I was fortunate enough to have a very knowledgeable neighbor and friend who guided me through the gardening process from tilling to planting, and from weeding to harvesting. My 80 year old neighbor and I bonded over our love of tomatoes and nature. He would smile his little quirky smile and say 'tomato sandwiches are better than kisses' (lol). He was a caring and humorous man, bringing a smile to everyone he came in contact with. I so much enjoyed his company.
I have to say that summer, him and his wife, became my best friends. Their years of knowledge, concerning gardening and life in general were much appreciated. Their honesty and values offered such a refreshing view on the world around me. In addition, their appreciation for all things morale and good reminded me of why my husband was gone, and why I must persevere. I looked forward to caring for my garden and seeing them everyday. My garden, and their friendship, made the deployment fly by like no other had before. I was truly fortunate and thankful for them being brought into my life. I became a avid gardener and a better person for knowing them.
As our crops started to grow, just before our first tomatoes came into season, our dear friend, suffered a massive stroke. Soon after, he was called home to his heavenly father. I was only eight years old when my grandfather passed. It felt just as sad to loose my dear friend and neighbor.
He had become family.
I did not know what to do, except to care for his garden along with mine. I have to admit part of me felt like just ripping out the whole garden in anger but as I sat in his garden crying, I felt an amazing sense of calmness. I began to realize that even though he was not here physically, what he loved still was. His garden, his wife, his home and family. In this moment I knew his knowledge and friendship would remain in my heart forever. Even though he had passed, his spirit remained in that very garden. I got up and started weeding and watering and talking to him. I found myself laughing at memories and doing things he taught me as if it was second nature. He always said to me I was a natural farmer, though, I know he taught me so much more than I think even he realized.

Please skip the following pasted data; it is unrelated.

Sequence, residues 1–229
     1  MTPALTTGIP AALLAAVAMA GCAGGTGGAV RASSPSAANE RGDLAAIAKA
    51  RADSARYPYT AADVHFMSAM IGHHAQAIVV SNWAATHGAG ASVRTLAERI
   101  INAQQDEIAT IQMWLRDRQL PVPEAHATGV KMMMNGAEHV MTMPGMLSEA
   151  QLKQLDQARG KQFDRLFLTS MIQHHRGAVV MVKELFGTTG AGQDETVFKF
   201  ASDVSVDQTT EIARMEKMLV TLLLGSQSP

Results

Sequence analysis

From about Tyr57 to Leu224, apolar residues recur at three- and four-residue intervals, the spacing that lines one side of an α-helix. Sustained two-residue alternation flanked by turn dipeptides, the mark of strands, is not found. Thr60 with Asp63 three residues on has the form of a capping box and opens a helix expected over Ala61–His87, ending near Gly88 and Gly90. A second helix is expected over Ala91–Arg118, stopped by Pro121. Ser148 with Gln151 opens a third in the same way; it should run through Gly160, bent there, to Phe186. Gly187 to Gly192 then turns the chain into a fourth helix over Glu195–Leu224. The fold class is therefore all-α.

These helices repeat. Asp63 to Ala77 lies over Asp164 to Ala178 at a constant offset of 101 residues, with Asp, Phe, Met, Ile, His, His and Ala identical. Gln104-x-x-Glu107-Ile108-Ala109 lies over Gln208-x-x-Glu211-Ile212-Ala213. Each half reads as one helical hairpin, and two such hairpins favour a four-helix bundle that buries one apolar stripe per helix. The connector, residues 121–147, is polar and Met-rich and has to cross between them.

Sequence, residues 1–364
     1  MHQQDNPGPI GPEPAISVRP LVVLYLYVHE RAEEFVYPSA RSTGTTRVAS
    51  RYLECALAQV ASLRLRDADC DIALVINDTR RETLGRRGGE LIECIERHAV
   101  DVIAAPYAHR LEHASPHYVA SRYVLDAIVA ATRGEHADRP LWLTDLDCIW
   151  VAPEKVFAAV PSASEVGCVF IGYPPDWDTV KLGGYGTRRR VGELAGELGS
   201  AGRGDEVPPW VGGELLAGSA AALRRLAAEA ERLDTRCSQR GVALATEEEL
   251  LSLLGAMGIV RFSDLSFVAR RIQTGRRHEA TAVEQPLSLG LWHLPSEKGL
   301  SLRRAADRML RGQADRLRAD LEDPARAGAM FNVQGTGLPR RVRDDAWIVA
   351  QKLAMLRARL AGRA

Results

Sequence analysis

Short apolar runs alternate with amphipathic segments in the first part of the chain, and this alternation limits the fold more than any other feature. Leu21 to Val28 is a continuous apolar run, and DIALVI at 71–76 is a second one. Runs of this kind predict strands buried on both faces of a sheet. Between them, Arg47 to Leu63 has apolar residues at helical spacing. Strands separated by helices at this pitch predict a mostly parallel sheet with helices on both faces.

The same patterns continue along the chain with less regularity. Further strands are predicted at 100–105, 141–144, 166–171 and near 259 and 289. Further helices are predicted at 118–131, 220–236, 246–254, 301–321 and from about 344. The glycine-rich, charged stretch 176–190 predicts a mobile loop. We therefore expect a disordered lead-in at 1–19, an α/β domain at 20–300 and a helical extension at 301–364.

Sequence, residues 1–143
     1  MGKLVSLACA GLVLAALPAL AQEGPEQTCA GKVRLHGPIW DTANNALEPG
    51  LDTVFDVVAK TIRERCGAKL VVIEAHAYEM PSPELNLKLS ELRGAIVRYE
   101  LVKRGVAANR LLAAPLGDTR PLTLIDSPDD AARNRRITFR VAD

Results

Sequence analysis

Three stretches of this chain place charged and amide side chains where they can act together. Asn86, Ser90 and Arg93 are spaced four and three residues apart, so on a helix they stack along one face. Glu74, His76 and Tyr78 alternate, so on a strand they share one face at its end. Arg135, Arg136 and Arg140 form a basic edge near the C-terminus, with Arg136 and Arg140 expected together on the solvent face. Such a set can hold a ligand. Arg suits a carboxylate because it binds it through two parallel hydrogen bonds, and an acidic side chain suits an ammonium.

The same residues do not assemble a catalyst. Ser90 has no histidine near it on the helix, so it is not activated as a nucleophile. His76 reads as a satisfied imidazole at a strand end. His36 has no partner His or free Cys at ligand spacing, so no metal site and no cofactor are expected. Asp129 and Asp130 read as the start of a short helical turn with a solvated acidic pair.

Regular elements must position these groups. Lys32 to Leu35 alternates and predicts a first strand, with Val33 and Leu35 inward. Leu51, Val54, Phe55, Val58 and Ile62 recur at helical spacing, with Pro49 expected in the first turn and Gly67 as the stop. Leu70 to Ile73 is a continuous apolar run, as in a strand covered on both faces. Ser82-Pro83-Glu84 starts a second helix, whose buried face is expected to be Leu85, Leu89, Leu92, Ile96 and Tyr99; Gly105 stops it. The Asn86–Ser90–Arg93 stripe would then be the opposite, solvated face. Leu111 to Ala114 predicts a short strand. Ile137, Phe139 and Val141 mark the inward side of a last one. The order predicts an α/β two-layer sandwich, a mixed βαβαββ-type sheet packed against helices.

As the season comes to an end, as it always does, a bit of sadness seems to creep into my heart. I know next year I will be on my own. I won't be able to run over and ecstatically share my happiness with my friend when spring arrives but, I know he will be watching over. I know he would tell me to get my fanny out there and start a garden! So..I will. I will, in dedication to him, each and every year.
Friendship is the most bountiful of gardens you can grow.
It comes back year after year with a little maintenance and dedication.
It is never time lost.
It always endures.
Rest in peace my dear friend, and feel free to pick a few tomatoes when you 'stop by' to check on us. I'm growing some just for you, after all.. I hear tomato sandwiches are better than kisses. :)